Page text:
Can Bodega indulge in friendly and near-inappropriate banter with Peter Parker about his incredibly gorgeous Aunt May before making him a huge and delicious sandwich that he can get nowhere else in Queens?

Can Bodega make it possible for the men and women interviewed in these articles to find work and make a life for themselves and for their families, and make it absolutely clear how much they love their country while doing so?

The answer to all of these questions is obviously NO!

It’s clear that the two of you are attempting to put actual bodegas out of business with these glorified vending machines, and not only do you use the term ‘bodega’ to name your product (which according to you is perfectly fine because you did market research and according to Paul: “I’m not particularly concerned about it. We did surveys in the Latin American community to understand if they felt the name was a misappropriation of that term or had negative connotations, and 97% said ‘no’. It’s a simple name and I think it works.”), but you’re also using the bodega cat as the logo for your business. Like…what kind of fuckery is this?!

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It’s bad enough that people move to New York from the Midwest and complain about their presence and try to have them banned (only to get embarrassed and insulted as a result because cats>>>>>>>>>>>>>>people), but now you’re also going to ignore all of their contributions to actual brick-and-mortar bodegas? Yes, bodega cats are absolutely adorable (they do have their own Instagram page, after all) but they’re present in bodegas for a reason, and that’s to hunt and kill any and all mice who might be present in the bodegas. Which makes them a hell of a lot more useful and productive than most of the people who complain about them.

I won’t sit here and pretend as if this is the first, second, or third time that White people and non-White people who don’t give a shit have made attempts at gentrifying neighborhoods that don’t need, want, or require gentrification to take place in ways great and small, and I also know that it won’t be the last. From making complaints about ice-cream trucks and their jingles to complaining about barbershops and other local establishments, and the people who sit outside in front of them supposedly making too much with their music and conversation, to raising the rents on bars, bowling alleys, and other local businesses so that they can be torn down and replaced with office buildings and apartment complexes that will still be too expensive for many people to rent and will end up losing money, to the very existence of Urban Outfitters and their monumentally shitty and offensive merchandise, people going to cities and their neighborhoods and complaining about the people and culture that is present and has long been present in these cities and neighborhoods so that they will eventually disappear and be regurgitated by people who care little to nothing about the cultures that they’re replicating is not a practice that is going to stop anytime soon. But what can be done, thanks to the Internet and social media, is speaking out against such acts of gentrification and giving pause for thought to the people carrying them out.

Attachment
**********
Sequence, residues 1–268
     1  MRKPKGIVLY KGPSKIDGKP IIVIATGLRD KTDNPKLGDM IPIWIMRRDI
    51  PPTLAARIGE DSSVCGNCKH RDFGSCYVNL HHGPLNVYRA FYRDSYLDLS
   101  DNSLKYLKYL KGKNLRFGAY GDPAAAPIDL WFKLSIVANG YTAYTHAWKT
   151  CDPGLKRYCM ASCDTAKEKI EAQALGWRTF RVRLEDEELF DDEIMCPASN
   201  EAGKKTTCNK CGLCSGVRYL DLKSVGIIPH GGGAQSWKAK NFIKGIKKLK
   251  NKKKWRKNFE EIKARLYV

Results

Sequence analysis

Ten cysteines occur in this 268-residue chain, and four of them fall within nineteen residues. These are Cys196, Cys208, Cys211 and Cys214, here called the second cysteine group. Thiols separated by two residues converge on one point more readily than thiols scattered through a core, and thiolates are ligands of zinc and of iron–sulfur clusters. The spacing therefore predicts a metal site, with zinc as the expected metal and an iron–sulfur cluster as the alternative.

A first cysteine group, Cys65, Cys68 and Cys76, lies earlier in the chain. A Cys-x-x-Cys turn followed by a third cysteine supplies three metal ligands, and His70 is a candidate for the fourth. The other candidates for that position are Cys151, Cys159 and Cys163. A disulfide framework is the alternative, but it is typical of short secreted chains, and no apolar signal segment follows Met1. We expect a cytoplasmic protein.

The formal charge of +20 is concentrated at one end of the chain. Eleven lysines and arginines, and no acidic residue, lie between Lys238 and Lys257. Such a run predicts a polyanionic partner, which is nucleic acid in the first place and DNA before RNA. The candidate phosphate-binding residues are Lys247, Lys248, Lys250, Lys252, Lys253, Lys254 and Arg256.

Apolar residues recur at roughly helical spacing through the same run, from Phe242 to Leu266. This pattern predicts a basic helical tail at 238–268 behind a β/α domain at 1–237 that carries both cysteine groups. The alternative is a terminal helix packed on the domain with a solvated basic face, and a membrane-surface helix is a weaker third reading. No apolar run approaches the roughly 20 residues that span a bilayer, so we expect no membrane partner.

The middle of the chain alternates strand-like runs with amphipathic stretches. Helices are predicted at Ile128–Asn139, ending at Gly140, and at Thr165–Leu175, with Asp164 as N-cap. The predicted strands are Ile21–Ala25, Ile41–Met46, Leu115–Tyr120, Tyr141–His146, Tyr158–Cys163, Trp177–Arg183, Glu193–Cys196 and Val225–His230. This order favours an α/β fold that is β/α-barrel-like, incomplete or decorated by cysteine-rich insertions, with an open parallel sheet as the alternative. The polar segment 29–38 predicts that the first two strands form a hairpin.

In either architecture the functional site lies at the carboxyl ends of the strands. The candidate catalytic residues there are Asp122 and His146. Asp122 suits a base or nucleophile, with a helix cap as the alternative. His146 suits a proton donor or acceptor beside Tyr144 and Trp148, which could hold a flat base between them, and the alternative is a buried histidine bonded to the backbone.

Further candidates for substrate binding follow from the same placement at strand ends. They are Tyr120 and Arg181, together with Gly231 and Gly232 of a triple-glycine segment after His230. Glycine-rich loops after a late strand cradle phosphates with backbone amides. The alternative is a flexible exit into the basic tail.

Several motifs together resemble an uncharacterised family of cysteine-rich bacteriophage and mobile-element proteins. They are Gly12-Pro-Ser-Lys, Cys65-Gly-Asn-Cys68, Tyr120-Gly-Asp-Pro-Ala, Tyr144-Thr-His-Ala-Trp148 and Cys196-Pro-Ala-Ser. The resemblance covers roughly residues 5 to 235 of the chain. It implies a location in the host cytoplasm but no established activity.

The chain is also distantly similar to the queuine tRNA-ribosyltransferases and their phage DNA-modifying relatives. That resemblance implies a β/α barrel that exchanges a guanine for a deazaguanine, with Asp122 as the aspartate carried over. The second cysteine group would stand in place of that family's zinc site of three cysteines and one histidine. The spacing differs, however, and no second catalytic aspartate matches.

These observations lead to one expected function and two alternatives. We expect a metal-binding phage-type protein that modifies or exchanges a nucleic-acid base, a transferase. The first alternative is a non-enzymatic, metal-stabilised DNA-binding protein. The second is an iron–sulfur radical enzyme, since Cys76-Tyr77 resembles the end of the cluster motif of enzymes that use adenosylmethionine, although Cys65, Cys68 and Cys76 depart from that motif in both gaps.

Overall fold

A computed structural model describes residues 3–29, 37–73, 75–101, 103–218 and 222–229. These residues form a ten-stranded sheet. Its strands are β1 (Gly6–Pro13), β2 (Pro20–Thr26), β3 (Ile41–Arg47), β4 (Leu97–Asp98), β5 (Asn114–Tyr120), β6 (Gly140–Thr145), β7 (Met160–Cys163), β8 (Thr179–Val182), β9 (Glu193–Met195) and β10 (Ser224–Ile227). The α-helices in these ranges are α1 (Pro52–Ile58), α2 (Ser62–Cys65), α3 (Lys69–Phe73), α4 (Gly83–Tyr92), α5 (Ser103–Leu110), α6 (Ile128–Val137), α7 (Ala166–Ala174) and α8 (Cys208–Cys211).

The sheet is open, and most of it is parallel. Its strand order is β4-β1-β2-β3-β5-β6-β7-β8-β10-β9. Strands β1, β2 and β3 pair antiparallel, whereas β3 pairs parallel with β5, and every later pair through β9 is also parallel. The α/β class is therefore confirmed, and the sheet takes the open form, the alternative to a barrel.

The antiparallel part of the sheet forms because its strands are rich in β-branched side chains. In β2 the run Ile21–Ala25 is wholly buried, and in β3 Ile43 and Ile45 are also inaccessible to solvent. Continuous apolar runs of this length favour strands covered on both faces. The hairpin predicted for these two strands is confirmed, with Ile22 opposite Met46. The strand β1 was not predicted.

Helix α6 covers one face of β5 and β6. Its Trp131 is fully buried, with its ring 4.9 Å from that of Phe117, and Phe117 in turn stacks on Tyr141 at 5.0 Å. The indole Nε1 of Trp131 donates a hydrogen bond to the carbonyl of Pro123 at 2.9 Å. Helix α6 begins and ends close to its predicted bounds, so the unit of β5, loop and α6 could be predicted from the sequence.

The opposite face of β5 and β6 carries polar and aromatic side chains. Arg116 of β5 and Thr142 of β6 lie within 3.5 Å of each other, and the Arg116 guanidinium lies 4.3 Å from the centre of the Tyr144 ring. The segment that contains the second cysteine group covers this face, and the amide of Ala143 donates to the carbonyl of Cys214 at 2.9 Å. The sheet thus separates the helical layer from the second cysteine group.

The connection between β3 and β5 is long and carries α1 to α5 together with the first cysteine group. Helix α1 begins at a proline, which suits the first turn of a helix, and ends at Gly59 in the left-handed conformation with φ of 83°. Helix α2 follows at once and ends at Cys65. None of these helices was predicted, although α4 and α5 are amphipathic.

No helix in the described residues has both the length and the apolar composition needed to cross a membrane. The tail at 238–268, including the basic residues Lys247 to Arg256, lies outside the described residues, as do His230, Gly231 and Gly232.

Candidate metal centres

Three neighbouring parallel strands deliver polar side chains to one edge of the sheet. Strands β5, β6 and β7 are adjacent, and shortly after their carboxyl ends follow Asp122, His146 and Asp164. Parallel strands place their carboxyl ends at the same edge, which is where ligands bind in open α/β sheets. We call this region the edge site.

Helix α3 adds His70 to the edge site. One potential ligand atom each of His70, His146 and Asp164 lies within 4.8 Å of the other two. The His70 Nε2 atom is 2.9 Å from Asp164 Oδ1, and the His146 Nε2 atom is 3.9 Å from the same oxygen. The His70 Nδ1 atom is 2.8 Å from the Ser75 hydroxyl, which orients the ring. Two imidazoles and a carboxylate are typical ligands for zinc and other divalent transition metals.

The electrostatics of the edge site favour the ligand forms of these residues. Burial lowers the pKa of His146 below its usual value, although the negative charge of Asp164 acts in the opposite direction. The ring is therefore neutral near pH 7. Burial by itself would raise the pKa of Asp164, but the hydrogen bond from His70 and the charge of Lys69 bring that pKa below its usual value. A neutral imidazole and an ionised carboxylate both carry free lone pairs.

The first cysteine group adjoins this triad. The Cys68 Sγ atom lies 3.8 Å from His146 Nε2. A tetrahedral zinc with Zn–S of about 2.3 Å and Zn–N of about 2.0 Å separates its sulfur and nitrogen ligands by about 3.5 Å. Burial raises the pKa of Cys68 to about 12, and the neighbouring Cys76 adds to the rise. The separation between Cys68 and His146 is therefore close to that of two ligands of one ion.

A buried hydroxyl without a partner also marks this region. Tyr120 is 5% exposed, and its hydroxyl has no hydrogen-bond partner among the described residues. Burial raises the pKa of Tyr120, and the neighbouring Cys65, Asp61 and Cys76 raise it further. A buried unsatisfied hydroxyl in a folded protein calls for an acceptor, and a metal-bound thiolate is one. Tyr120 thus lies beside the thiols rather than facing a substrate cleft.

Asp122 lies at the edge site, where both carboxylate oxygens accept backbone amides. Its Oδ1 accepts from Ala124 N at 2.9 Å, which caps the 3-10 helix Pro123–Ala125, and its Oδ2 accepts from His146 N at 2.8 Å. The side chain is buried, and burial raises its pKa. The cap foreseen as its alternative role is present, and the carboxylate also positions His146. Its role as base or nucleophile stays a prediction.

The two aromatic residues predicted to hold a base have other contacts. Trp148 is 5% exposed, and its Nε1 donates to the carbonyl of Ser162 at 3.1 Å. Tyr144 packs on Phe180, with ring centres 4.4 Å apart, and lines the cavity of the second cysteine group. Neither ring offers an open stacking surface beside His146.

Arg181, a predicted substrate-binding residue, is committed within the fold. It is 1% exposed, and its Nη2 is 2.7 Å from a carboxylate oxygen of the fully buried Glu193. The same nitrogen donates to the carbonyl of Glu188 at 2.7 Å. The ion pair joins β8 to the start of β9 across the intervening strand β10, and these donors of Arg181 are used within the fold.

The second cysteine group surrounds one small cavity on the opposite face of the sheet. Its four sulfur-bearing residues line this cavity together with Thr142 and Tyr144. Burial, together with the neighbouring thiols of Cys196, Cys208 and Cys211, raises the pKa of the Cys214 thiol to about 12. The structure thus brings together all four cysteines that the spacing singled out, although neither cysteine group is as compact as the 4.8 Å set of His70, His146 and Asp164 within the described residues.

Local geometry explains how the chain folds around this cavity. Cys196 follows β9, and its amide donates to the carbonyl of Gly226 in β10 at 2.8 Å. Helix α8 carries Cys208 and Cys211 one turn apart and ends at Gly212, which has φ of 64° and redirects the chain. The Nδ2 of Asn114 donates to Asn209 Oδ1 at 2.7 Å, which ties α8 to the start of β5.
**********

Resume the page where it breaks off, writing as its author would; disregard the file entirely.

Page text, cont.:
It also doesn’t help when The New York Times occasionally writes articles in which they shine a spotlight on something new that they’re discovered, like Jamaican beef patties, even though Jamaican beef patties (with coco bread, if you so choose) have been around for years and are far more popular than they really think. (I don’t want to live in whatever universe New York Times reporters do in which beef patties aren’t as popular and beloved as pizza and tacos. I really don’t. Then again, if beef patties supposedly not being popular means that no one will fuck them and add kale and artisanal mayonnaise to make them healthier and more delicious, I can live with that.)

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Which would definitely explain why the founders of Bodega caught wind of the backlash against them and their start-up and did what they could to calm everyone down and show that they had seen the error of their ways with this non-apology they soon released.

From CNN Tech:

“Despite our best intentions and our admiration for traditional bodegas, we clearly hit a nerve this morning. “And we apologize to anyone we’ve offended. Rather than disrespect to traditional corner stores — or worse yet, a threat — we intended only admiration.”

So to the founders of Bodega: if you and others like you don’t want to be around people of color and simply want them to disappear and take their homes and businesses elsewhere so that you can live and flourish in places like I-Wood (actually known as Inglewood), North Manhattan (Harlem), Clinton (Hell’s Kitchen), and DOWISETREPLA (Google is your friend, just look it up), then you may as well be upfront and say so.

You won’t like what many of the residents will say to you in response, and many of them have no intention or desire to go anywhere no matter how much you try to push them out, but you can still say so.